But Dawkins will not be silent!

Anyhow, fast forward a couple of years later and it’s wonderful to see this experience hasn’t weakened the professor’s grip on reality. He can be seen reiterating some basic scientific facts about sex and advocating for the crime of ‘discussion’ in this clip from Piers Morgan’s show:

Of course, this has once again triggered the very online gender ‘activists’. Which is fine. However it also appears one of the most vocal critics of Dawkins from within American atheist circles, Hemant Mehta has doubled down on his own unreason:


It’s not so great for Hemant to say that the assertion that there are two sexes in humans, which happens to be true, is the “wrong hill to die on.” But Hemant has chosen to die on the hill of political correctness, which he’s calculated brings him more followers, though I’m not one. Knight goes on:

To recap, the ‘hill’ that Richard Dawkins is choosing to ‘die on’ here is scientific fact and the unhinged idea that we should be able to discuss things. Richard Dawkins is 100% correct in his statements. His reasonable utterances annoy people like Hemant because Hemant has been captured by a new religion. Dawkins is guilty of heresy because nothing but unquestioning affirmation of the ‘correct thoughts’ (decided by Hemant) is acceptable. Hemant has become the sort of irrational zealot he has spent much of his time pushing back against. He seems perfectly capable of noticing the anti-scientific claims and intolerance of conservative Christians, but doesn’t have the self-awareness to recognise it in himself.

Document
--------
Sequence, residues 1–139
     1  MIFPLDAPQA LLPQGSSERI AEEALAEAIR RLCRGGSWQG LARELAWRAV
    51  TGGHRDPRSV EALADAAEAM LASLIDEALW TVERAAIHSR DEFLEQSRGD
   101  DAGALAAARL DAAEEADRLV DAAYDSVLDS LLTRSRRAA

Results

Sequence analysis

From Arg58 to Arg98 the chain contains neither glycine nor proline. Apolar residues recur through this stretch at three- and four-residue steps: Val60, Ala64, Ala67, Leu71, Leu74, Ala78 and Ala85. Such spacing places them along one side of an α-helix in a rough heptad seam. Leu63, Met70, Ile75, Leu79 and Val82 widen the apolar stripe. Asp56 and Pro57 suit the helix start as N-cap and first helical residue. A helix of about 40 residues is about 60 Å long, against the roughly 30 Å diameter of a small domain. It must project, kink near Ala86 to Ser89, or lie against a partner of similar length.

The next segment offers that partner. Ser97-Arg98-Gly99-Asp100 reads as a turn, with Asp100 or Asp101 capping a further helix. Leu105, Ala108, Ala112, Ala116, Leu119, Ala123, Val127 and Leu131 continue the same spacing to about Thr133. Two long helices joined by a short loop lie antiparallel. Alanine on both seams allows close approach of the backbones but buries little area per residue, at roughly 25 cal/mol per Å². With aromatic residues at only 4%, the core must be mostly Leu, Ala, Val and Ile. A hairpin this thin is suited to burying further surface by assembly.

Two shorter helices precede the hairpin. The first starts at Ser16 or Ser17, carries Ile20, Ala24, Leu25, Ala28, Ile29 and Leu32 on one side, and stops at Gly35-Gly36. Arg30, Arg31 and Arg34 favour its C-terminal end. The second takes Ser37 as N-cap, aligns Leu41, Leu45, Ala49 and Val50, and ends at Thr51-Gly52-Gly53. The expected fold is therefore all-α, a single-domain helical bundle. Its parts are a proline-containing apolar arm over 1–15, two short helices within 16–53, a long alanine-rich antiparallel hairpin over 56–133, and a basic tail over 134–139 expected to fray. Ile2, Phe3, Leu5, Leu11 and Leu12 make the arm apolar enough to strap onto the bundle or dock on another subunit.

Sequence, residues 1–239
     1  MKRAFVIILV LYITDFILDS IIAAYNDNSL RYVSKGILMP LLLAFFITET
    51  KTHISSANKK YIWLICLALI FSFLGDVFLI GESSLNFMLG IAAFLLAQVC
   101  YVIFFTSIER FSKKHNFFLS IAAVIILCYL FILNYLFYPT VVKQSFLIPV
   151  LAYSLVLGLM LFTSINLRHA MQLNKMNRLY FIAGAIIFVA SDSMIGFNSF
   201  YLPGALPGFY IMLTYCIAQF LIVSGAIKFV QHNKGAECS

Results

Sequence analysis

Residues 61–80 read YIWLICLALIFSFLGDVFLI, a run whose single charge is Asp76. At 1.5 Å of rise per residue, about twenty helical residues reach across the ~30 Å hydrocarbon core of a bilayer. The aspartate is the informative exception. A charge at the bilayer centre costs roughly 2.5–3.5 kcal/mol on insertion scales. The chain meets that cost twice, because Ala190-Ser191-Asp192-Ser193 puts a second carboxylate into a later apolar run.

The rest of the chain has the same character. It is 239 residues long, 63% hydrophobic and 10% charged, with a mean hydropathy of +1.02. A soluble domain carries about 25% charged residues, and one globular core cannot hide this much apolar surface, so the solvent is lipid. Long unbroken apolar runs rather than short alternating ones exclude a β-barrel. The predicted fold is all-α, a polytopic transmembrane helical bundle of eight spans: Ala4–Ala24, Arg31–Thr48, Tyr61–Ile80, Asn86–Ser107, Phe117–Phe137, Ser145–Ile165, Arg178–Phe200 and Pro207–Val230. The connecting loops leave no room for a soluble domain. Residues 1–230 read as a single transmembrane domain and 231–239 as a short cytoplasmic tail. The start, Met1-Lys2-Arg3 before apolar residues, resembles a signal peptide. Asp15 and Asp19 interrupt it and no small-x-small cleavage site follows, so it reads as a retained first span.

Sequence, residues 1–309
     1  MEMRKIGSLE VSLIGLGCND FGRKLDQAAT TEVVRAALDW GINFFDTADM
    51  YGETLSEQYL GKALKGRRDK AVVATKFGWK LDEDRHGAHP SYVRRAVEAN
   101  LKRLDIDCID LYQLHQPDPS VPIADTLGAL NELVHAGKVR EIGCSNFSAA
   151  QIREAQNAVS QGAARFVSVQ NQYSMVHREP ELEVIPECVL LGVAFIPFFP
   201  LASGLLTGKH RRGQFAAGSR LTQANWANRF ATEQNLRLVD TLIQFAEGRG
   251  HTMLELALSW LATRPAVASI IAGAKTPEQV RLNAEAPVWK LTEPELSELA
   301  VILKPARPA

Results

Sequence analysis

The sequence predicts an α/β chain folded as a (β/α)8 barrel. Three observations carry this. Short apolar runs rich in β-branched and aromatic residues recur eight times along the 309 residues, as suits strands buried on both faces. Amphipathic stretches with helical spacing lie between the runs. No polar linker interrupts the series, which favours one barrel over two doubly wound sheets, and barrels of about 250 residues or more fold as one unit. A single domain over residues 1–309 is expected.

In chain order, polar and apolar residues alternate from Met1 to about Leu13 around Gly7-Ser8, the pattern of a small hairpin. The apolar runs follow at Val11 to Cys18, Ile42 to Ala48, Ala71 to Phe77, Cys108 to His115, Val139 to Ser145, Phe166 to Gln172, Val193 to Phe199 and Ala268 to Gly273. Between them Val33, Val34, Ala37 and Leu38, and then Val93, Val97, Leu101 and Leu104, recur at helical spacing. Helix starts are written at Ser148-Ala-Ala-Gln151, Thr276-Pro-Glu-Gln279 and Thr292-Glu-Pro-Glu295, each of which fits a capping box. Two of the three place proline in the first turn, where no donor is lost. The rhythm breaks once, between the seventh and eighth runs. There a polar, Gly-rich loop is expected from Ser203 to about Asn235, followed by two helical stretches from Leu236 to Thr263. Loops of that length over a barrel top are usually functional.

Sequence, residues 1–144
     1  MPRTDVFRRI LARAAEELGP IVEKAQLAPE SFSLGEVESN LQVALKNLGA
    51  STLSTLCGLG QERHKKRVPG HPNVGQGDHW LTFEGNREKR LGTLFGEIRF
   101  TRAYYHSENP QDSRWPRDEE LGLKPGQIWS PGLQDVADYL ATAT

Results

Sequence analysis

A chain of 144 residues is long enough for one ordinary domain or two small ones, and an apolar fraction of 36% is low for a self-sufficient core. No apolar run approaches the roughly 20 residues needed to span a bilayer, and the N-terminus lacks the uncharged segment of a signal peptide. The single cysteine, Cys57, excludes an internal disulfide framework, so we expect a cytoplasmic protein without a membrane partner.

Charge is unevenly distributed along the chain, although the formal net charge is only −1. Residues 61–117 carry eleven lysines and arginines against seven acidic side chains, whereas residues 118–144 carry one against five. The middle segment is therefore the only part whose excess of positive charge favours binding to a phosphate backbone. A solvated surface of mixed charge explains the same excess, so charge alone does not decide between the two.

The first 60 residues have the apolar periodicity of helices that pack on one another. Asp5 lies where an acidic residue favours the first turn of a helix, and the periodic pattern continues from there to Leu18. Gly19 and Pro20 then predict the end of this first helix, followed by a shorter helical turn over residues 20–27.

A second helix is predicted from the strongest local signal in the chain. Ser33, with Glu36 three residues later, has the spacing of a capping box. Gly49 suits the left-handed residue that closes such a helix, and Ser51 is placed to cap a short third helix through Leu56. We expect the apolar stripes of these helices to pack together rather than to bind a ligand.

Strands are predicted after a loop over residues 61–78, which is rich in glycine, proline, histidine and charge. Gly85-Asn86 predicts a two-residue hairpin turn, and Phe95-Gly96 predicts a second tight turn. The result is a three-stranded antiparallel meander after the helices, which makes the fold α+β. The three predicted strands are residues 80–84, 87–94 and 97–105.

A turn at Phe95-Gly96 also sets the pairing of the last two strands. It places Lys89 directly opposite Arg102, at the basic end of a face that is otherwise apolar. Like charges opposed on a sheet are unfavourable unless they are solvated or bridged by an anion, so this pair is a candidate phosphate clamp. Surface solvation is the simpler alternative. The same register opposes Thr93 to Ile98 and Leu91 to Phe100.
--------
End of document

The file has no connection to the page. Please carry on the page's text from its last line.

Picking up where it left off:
The continued demonisation of anyone that dares to espouse gender critical views (or simply just ask questions) wouldn’t be so bad were this issue purely an academic one. But it isn’t. This ideology is responsible for great harm in the real world. Right here, right now. Past, present and future.

Read the rest at Knight’s site.

*And there’s GOOD news tonight. Neuty the hand-raised Louisiana nutria can stay with his rescuers, despite there being a law against keeping neutrias as pets.

After much public outcry, state officials now say they will let a Louisiana couple keep a 22-pound nutria — a beady-eyed, orange-toothed, rat-tailed rodent commonly considered a wetlands-damaging pest — as a pet that frolics with their dog, snuggles in their arms and swims in the family pool.

The Louisiana Department of Wildlife and Fisheries, in a statement Friday, said Myra and Denny Lacoste are being allowed to apply for a permit so they can legally keep Neuty the Nutria in their New Orleans home, The Times-Picayune/The New Orleans Advocate reported. Montoucet said details of the permit are being finalized.